This week, the World Cup gets a clean-up (not before time, perhaps), the UK America’s Cup team is inspired by Formula 1, WYG shareholders receive something approaching good news, and some numbers get crunched
The right formula
My hack checked in with former Capita executive Jonathan Goring this week, as the Sir Ben Ainslie bid to field a UK
America’s Cup team, of which Goring is a part, was officially launched. Sure enough, Goring was at the launch event in Greenwich, but inexplicably his appearance did not attract as much national media attention as that of the Duchess of Cambridge. Goring is leading on the planned development of a HTP-designed headquarters for the team based in the Camber in Portsmouth harbour, with a planning decision expected on Wednesday (18 June). The HQ will be akin to an F1 team facility and could be used by Red Bull F1 design boss Adrian Newey, who may be drafted in to the sailing team by Ainslie (pictured). “There’s a lot more of the boat in the air than on the water,” Goring says. “They have to be designed with aerodynamics in mind.”
A problem shared
WYG’s shareholders had cause to celebrate last Wednesday when the consultant issued a correction to its results of a week earlier. WYG said a dividend of 0.5p per share - the first to be paid in four years - would be paid on 3 November 2014, 27 days earlier than the 30 November 2014 date initially announced. The consultant blamed a typo. However, in the grand scheme of things, long-term shareholders have little to celebrate. From the end of 2008, when WYG last paid a dividend, to today, WYG’s share price has fallen 99.6% to 115p, as of last Friday.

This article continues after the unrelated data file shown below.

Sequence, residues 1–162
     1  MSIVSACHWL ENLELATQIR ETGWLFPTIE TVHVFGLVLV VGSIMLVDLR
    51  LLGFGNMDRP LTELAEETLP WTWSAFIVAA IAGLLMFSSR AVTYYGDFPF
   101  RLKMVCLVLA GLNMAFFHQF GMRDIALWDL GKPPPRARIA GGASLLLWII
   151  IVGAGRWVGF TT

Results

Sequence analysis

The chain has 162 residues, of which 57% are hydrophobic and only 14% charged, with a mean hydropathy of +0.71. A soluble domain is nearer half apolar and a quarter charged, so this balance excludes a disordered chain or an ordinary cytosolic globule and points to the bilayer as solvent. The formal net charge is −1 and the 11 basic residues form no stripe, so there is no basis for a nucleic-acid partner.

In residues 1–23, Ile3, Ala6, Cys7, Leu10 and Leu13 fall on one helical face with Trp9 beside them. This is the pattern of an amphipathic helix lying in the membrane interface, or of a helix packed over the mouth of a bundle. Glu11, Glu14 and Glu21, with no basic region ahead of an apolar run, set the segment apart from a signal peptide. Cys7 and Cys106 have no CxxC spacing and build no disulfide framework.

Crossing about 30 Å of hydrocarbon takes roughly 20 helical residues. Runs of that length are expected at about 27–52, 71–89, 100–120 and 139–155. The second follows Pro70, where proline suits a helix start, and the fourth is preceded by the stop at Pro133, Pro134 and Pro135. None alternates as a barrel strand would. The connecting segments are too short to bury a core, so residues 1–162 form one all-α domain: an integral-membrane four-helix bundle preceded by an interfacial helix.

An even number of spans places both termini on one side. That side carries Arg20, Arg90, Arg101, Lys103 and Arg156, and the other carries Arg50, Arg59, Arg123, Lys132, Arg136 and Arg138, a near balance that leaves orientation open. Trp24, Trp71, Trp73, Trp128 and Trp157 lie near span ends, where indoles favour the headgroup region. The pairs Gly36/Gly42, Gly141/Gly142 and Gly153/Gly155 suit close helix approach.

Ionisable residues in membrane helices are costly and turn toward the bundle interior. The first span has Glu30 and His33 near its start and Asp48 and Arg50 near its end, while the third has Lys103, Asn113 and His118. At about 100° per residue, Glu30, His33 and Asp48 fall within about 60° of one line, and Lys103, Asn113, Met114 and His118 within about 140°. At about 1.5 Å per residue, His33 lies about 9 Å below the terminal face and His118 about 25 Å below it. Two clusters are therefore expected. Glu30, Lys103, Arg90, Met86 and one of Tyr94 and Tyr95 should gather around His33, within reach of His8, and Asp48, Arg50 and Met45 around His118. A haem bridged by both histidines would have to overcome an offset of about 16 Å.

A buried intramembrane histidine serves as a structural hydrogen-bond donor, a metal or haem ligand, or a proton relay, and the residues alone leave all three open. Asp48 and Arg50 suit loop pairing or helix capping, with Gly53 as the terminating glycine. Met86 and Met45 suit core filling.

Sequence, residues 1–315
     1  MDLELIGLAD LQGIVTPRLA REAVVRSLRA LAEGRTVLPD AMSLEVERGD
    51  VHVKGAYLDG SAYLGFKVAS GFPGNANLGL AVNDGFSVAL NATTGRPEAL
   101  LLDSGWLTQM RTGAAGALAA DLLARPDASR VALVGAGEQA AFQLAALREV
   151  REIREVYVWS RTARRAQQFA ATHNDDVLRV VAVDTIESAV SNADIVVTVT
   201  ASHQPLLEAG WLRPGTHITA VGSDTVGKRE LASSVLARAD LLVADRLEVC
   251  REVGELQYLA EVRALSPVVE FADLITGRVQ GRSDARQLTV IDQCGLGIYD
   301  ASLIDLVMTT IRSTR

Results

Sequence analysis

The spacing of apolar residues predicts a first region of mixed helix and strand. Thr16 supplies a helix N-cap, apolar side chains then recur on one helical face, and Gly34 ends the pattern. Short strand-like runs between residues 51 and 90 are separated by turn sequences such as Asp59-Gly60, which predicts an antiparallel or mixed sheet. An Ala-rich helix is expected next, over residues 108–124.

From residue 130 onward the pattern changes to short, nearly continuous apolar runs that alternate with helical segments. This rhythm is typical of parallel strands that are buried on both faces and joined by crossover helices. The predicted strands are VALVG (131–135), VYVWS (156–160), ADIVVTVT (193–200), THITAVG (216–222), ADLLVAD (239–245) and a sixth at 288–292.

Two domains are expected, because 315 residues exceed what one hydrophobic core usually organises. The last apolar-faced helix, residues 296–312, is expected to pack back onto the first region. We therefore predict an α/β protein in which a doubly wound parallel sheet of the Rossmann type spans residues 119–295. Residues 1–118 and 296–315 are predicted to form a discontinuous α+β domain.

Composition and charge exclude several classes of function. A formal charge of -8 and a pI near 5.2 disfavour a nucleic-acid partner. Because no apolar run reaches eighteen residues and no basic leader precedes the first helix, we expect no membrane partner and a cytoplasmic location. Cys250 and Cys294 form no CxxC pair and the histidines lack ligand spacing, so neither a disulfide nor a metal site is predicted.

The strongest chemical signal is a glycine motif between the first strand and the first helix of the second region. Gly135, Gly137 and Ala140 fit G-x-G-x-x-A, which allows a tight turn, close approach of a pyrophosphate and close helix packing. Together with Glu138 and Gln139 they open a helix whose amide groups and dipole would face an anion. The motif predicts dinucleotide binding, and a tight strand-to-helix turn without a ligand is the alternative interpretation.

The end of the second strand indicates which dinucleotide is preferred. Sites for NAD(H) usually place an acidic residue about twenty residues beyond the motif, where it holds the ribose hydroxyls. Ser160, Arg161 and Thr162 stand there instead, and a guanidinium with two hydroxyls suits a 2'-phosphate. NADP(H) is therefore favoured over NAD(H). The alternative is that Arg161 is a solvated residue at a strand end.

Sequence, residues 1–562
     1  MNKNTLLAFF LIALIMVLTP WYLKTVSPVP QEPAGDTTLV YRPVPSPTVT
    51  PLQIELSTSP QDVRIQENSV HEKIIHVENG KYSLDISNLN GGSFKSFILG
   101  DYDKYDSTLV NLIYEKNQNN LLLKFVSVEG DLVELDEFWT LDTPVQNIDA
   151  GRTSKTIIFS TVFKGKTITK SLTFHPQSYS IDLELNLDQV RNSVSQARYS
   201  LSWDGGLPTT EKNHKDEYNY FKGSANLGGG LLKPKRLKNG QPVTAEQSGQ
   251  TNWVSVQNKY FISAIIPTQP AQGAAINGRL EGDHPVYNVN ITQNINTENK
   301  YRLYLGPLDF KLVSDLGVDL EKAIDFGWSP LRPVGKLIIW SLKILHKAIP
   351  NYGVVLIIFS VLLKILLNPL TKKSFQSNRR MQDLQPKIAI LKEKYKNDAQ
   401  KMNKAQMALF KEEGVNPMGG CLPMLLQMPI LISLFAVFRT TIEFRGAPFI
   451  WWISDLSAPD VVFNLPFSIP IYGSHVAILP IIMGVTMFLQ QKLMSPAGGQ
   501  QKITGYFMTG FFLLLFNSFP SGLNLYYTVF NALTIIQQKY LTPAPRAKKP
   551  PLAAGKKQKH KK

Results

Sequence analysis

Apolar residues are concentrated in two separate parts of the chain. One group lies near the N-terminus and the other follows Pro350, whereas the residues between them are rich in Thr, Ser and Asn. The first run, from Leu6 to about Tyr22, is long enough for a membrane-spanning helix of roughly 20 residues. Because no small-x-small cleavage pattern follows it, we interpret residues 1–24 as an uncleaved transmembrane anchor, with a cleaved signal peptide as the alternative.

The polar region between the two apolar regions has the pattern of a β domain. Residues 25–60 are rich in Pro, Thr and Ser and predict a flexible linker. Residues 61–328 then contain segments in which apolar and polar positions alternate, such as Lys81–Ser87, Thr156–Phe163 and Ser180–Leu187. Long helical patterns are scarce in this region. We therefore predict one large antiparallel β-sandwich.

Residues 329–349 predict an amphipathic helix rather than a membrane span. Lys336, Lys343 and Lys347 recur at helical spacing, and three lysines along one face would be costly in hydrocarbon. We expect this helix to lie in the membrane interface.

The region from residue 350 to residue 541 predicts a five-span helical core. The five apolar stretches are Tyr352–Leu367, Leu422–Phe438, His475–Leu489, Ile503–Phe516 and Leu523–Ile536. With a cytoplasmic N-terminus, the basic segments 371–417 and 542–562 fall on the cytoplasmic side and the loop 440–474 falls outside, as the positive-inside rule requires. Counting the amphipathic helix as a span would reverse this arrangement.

Such has been my excitement about the World Cup that last week I took up residence on one of Building’s web pages (Hays International Salary Survey) to kick a football around in my England kit. It was part of a “Find Hansom” competition Building ran, with a chance to win £50 of John Lewis vouchers. The winner, picked at random, is Nanja Fourie. Congratulations!
Highs and lows
The old adage is that there are lies, damn lies, and statistics. Housing minister Kris Hopkins showed the truth of this in his reaction to annual affordable housing figures published by the statistics office last week. His government press release trumpeted “200,000 new affordable homes delivered” since the coalition came to power in April 2010. Hopkins boasted the figures showed the government’s policies were “a real success story” (see page 14). But what his release didn’t say is that the number of affordable homes built actually dropped in the last year. Possibly the most deceptive part was his choice of a 200,000 homes headline figure. The biggest single year’s contribution to this figure came in 2010-11, when 56,000 were built. But in that year the coalition essentially delivered Labour’s programme. The coalition’s own affordable housing policy was launched from April 2011, since when the number of homes built has fallen every single year and is now running 35% lower than the 56,000 seen just four years before.
A clean sweep
The problems with the construction of the stadiums and supporting infrastructure for the World Cup in Brazil have been well documented, but so far the doomsday scenario many predicted has not come to pass, bar a few minor glitches, with fans on the whole thoroughly enjoying the World Cup spectacle. And special praise must go to the Japanese fans, who after their loss to the Ivory Coast last week were seen cleaning up the litter in the stadium. If only all fans were so conscientious. Of course the attention of fans from certain other countries may be more taken up by the mess being made on the pitch …
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